Early on in her tenure at the engineering consortium, where she stayed from 1976 to 1989, she met her husband Nino — on a second cruise. He was working on the ship as the chef de rang (captain of the dining room). They married in 1980.

In 1989 the consortium decided to move its laboratories to the Institute of Gas Technology in Chicago. Because she wanted to stay in New York close to her family, Galastro eventually joined Hachette Filipacchi Magazines. This was her entry into the industry of “house plan” magazines.

For Hachette, Galastro analyzed the business of “Best Selling Home Plans,” developed a marketing plan, and presented it to Hachette, telling them, “Here’s what you need, here’s who you have to hire, and I’d like to be your marketing director.” They hired her, and thus began her long career in publishing. Commenting on the way she jumped into an entirely new industry, she says, “I think one of my strongest qualities is that I am resourceful. I see opportunities and jump on them and pull people together, and pull resources together, and try to make things better.”

While at Hachette, Galastro had a taste of the rich and famous. She worked with John F. Kennedy Jr., who in the mid-1990s until his untimely death was publisher and founder of “George” magazine. “While we each had our own publications and staff there was a lot of interaction corporately and socially among the publishers,” says Galastro in an E-mail.

When Galastro left Hachette in 2000, she took six months off to spend more time with her children in Princeton, where the family had moved in 1991. That year she launched an Internet site that sold house plans, noting, “I was always conscious of the potential conflict and told my employers that I had the site, and it worked.” Several people had approached her with this idea, and she developed a business model and found a partner with the necessary technical knowhow to build a complex website with a huge database.

After the hiatus following her departure from Hachette, Galastro went to work for one of her clients, Drummond Designs, an architecture firm based in Montreal that also published house plan magazines in Canada. She was hired as president of its United States division. She flew to Canada once a month or more, but did much of her work from an office on Witherspoon Street. The job also gave her a chance to improve her French.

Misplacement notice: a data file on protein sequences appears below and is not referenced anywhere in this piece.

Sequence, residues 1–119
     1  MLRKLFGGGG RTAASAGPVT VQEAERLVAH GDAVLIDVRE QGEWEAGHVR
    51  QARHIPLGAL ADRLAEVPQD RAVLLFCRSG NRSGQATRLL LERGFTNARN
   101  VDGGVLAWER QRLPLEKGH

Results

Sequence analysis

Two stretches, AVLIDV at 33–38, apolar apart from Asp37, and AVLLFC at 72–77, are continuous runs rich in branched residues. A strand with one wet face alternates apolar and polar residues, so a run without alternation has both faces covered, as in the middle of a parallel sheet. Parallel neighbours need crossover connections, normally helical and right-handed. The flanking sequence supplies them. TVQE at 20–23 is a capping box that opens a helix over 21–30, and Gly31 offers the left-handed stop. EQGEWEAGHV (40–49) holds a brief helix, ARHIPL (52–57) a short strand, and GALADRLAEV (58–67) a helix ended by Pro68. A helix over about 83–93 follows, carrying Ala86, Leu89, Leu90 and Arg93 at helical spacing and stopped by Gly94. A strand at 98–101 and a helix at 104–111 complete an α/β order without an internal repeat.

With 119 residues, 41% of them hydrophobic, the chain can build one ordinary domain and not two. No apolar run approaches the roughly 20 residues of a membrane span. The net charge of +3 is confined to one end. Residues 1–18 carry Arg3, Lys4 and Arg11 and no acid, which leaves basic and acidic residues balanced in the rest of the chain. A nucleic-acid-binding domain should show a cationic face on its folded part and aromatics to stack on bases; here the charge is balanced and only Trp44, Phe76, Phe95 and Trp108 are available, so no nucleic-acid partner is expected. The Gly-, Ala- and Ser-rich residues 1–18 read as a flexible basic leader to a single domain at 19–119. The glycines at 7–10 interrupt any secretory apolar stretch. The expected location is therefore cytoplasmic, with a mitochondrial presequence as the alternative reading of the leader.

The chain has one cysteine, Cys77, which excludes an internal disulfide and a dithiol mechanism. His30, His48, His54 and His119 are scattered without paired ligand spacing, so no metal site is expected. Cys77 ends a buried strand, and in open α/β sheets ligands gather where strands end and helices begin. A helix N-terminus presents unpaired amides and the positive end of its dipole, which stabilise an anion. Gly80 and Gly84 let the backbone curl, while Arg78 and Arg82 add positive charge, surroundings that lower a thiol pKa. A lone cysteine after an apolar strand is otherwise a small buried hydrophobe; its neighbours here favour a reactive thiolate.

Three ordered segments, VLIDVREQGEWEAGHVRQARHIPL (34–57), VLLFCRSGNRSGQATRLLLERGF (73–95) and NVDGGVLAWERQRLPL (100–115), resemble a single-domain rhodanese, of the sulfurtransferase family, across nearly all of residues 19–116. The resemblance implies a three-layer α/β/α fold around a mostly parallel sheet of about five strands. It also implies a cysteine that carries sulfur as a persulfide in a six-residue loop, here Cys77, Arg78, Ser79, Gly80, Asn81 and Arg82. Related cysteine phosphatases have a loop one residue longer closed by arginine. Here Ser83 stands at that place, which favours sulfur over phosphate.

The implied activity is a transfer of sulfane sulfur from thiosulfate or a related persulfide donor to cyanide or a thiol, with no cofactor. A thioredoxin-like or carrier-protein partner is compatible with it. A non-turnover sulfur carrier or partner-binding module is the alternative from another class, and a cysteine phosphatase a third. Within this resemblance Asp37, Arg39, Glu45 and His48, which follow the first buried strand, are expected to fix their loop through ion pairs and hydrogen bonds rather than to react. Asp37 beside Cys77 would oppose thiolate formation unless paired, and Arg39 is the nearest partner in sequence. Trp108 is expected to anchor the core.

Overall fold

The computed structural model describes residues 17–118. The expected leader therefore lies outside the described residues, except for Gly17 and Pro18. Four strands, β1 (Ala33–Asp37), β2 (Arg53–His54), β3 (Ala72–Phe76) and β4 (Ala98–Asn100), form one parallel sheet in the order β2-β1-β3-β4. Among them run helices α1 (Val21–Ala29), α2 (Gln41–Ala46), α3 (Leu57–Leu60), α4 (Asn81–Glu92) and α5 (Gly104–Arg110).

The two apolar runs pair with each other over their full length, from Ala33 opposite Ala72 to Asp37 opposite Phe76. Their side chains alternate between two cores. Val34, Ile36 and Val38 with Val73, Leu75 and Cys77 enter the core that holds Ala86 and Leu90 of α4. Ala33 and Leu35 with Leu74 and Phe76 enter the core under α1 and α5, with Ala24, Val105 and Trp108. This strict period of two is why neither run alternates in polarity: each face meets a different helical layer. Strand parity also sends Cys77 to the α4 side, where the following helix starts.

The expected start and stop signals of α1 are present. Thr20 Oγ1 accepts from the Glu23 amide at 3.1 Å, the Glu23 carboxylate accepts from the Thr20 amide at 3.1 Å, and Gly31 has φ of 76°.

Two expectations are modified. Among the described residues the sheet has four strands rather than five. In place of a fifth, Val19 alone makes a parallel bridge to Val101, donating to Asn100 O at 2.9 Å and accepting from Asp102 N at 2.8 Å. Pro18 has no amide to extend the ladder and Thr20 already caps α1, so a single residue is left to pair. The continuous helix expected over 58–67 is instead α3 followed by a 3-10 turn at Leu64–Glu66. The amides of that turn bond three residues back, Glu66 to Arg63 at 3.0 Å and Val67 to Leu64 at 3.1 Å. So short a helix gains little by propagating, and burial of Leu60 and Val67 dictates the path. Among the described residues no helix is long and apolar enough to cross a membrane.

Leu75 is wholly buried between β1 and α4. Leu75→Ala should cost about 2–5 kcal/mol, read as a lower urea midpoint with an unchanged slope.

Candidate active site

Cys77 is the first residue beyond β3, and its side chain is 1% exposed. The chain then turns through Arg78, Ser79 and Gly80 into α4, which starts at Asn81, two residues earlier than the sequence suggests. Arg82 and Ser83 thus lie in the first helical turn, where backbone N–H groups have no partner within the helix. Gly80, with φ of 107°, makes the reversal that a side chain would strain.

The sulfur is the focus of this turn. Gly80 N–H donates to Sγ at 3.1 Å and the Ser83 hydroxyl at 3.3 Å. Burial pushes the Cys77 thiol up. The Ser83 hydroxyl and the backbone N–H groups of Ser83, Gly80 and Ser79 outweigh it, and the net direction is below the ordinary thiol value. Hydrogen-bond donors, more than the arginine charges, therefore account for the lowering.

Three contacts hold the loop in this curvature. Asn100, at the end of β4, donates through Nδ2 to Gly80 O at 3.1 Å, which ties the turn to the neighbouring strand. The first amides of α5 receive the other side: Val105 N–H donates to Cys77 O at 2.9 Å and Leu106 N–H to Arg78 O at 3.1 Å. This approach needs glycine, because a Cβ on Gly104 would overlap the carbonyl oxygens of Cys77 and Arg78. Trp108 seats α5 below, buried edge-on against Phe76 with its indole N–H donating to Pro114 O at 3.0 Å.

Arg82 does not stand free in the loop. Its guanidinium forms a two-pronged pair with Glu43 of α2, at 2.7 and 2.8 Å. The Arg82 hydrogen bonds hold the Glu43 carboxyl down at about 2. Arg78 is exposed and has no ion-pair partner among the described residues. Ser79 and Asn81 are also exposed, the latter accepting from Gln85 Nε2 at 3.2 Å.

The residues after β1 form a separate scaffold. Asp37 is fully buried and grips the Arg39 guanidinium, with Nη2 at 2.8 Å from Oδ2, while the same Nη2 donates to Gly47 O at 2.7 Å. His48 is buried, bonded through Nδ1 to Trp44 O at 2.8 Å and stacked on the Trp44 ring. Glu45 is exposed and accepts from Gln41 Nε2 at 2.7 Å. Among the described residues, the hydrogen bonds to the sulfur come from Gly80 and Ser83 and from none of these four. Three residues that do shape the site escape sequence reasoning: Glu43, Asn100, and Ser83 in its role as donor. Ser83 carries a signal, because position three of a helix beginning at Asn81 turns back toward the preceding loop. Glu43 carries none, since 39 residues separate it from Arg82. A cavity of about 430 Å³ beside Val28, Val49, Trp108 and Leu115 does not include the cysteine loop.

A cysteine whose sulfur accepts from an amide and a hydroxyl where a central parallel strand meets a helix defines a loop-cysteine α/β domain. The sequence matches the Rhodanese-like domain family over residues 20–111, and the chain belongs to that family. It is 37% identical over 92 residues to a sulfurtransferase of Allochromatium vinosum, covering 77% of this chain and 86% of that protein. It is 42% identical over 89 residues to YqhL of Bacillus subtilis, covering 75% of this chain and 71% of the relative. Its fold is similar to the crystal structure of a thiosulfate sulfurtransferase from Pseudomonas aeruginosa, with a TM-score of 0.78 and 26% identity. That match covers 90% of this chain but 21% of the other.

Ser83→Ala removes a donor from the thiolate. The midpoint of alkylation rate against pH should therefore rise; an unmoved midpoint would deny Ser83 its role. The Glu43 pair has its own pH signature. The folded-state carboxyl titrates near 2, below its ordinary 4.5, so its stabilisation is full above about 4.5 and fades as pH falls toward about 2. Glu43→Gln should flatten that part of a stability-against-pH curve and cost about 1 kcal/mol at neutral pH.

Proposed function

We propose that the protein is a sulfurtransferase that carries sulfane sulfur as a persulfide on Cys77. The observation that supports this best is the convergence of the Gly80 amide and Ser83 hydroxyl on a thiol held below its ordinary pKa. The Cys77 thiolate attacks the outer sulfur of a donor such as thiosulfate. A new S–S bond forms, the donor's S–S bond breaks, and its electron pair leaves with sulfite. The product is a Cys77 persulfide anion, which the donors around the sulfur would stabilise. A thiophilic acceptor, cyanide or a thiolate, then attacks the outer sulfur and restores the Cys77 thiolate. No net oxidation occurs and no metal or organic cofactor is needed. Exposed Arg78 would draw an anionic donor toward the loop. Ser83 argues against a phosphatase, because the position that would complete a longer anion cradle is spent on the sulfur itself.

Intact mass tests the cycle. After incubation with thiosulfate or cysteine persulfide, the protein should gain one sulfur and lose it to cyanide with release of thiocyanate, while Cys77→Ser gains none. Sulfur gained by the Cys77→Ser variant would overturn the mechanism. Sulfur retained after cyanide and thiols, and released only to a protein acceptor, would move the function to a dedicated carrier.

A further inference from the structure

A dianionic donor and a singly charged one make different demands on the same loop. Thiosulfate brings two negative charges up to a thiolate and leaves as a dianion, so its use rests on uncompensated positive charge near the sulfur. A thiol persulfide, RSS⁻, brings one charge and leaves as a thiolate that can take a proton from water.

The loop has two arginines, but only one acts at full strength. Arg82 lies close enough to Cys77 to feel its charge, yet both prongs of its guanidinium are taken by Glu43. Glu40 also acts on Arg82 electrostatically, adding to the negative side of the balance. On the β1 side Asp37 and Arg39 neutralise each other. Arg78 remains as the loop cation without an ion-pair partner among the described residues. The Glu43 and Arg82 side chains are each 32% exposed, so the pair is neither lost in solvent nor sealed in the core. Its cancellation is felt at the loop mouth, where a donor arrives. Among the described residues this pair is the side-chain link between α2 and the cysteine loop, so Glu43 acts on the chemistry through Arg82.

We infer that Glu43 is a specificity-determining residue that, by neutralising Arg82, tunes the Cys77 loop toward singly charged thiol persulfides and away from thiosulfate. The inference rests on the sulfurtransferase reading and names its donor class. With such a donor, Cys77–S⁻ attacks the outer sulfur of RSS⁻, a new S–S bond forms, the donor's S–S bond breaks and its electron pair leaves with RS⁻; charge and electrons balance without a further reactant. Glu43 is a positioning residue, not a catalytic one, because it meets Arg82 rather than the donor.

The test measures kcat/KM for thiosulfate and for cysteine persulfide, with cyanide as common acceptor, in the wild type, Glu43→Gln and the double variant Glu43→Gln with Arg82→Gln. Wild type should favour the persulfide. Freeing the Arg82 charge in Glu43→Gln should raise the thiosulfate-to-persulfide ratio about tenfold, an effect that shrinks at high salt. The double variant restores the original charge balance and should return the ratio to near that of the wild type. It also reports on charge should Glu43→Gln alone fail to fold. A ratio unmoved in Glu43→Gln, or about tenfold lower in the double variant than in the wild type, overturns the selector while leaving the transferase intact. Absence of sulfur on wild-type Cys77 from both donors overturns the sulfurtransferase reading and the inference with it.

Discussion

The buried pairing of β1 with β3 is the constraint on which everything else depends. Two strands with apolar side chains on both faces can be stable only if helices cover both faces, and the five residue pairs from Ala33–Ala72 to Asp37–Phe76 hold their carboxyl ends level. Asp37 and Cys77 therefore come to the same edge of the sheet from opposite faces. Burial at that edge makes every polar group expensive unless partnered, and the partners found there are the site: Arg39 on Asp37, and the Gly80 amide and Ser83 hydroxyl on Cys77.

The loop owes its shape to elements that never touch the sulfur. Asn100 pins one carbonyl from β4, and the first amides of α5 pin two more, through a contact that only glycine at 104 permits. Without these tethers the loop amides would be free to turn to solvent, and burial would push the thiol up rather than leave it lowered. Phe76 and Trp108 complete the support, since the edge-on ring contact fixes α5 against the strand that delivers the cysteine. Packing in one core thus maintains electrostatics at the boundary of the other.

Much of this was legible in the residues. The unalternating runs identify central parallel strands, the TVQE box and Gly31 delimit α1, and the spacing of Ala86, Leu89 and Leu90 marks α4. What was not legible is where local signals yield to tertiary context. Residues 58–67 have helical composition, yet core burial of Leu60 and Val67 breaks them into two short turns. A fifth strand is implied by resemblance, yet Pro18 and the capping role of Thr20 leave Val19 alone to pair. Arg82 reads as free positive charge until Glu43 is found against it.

After four years with the architecture firm, Galastro had quadrupled its annual revenue, set up long-term contracts, and got them a segment on Bob Vila’s home improvement show. “You get to the point in any job where you feel like you have maxed out and have done the most you can possibly do.” So she was starting to think about what her next move would be. “I always need a challenge,” she says. “Forward motion is my mantra.”

In 2004 a friend called to tell her about an opportunity to work with a new publishing company, Active Interest Media, that had recently acquired the Garlinghouse Company, a 100-year-old publisher of house plan designs. The job would come with an extensive budget and a nice salary, but she was asked to rebuild the Garlinghouse Company in a two-year time frame. The only caveat was that she would have to move to Chantilly, Virginia. She thought it would be fun, and her husband was very agreeable, so they rented out their house in Princeton and moved south.

“The challenge was that Garlinghouse had not kept up with the times. It was a huge undertaking, and I wondered, ‘What did I get myself into?’ It was a complicated undertaking, with a lot happening simultaneously,” says Galastro. “It was a lot of fun and a lot of work.” Despite these significant improvements, the outside economic environment started to encroach, and about a year into the redesign, in 2006 and 2007, the housing market forecast was grim, with a major decline predicted.

Then her employers pulled a fast one. “My company decided they didn’t want to be in the house plans industry anymore,” she says. “They didn’t think there was an opportunity for long-term growth.”

So now she had to turn the deal around and try to convince Cool House Plans that it made more sense for them to own Garlinghouse. She succeeded, and the deal was consummated in 2006, and Cool House Plans hired her as chief executive officer to run the newly merged companies. “I had to figure out how to create economies of scale with two companies doing the same thing, one print driven and one Internet driven, while trying to keep the brands distinct and unique,” says Galastro.

Cool House Plans was a big presence in the industry but largely unknown among consumers. But after two years, the economy was slowly souring, and the housing market had completely dropped off. At the same time, her family’s move to Virginia had been difficult for her mother, and Galastro was ready for another change.